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Fix car air conditioner leak

Car Air Conditioning / February 2, 2023

If you've checked to make sure you do not have a blown fuse or a really loose or missing drive belt, then chances are your system is suffering from one of the three following common problems: leaks, compressor failures or contamination.

Leaks: The #1 Problem
Est. Repair Cost: $50 to $200

A MSN Autos survey of repair shops around the country confirms that system leaks are the number-one auto air conditioning problem faced by consumers.

"Leaks account for roughly 80 percent of the problems we see day in and day out, " the manager of a Brookfield, IL, repair shop told MSN Autos. Other shops concurred, reporting that leak repair accounted for 70-80 percent of their air conditioning work.

Leaks can occur anywhere in the air conditioning system, wherever refrigerant passes from one component to another.

Fortunately, leaks are the easiest and least-expensive A/C problems to fix, with replacement of faulty gaskets or worn hoses as the usual solutions.

If you're lucky, leak repair will set you back around $50. But prepare yourself for a figure up to four times that amount. "Leaks usually run between $150 and $200, " the service manager of an Irvine, CA, repair shop told MSN Autos-an estimate echoed by many shops we surveyed.

Compressor Failure
Estimated Repair Cost: $500 to $1, 000

The compressor is the pump that compresses and circulates the refrigerant through the system, transferring heat from the cabin to the outside environment.

In most systems, the compressor contains a magnetic clutch that engages when you turn on the air conditioning in your vehicle. This clutch can fail, or other compressor components can simply wear out.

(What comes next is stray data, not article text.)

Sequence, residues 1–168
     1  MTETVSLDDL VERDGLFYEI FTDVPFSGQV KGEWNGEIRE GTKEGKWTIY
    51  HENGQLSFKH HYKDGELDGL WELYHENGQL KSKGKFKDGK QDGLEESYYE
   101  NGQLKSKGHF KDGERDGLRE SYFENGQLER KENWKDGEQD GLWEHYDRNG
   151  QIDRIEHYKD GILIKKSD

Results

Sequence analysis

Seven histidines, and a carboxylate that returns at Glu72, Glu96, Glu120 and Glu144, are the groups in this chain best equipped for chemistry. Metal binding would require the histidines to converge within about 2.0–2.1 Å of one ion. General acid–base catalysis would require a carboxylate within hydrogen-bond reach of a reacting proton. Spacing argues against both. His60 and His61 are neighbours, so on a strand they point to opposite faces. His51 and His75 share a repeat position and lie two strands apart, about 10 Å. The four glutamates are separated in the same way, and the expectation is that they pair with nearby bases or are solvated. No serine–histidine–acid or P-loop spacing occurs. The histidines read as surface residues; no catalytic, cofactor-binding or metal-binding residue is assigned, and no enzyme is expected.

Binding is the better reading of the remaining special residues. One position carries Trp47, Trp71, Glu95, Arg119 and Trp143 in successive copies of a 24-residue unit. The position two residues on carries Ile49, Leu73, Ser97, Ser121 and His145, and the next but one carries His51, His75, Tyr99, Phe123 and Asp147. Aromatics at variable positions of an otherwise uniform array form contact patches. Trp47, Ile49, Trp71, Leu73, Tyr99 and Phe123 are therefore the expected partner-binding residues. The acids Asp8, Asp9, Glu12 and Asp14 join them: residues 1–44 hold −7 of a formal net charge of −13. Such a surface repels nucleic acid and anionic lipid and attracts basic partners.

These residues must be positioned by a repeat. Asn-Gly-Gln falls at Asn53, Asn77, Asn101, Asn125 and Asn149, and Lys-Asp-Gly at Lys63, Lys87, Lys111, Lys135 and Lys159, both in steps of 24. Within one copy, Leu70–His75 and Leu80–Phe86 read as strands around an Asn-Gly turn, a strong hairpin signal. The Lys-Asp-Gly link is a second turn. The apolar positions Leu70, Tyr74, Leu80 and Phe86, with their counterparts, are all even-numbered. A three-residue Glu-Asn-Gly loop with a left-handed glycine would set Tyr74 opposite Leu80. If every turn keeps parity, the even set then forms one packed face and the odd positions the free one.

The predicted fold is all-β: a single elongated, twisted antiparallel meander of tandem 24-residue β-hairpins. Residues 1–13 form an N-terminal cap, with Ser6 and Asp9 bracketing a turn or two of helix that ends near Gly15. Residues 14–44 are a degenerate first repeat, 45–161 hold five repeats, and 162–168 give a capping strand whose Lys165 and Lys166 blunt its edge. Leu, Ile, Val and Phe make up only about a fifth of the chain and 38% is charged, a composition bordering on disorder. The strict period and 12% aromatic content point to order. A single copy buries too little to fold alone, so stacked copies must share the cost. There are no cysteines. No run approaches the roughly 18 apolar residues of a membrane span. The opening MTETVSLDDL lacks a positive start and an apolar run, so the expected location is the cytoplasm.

As the heart of the A/C system, the compressor is costly to fix. Repairs start around $500, but as a service manager at a Phoenix Toyota dealership told us, "Compressor replacement can be spendy, sometimes going over $1, 000."

System Contamination
Estimated Repair Cost: $300 to $2, 000

Contamination is another common air conditioning problem. Contamination occurs when an A/C system is serviced using equipment that has been exposed to more than one type of refrigerant.

There are two primary refrigerant types: R-12, used in older cars, and the environmentally friendly R-134a, used in all cars built since 1994. The two refrigerants are completely incompatible and any exposure of one to the other during servicing contaminates parts within the A/C system.

Decontamination involves flushing and recharging the entire system, as well as replacing any or all of the following components: compressor, condenser, evaporator and dryer.

"A lot of shops will not touch a contaminated system because it requires storage of contaminated refrigerant, which is considered hazardous waste-and very few shops have the capacity to store such waste, " Skip Christenson, a Master Technician for Automotive Information Systems (AIS), told MSN Autos. (AIS is MSN Autos' Reliability Ratings content provider.)

Source: www.autotrader.com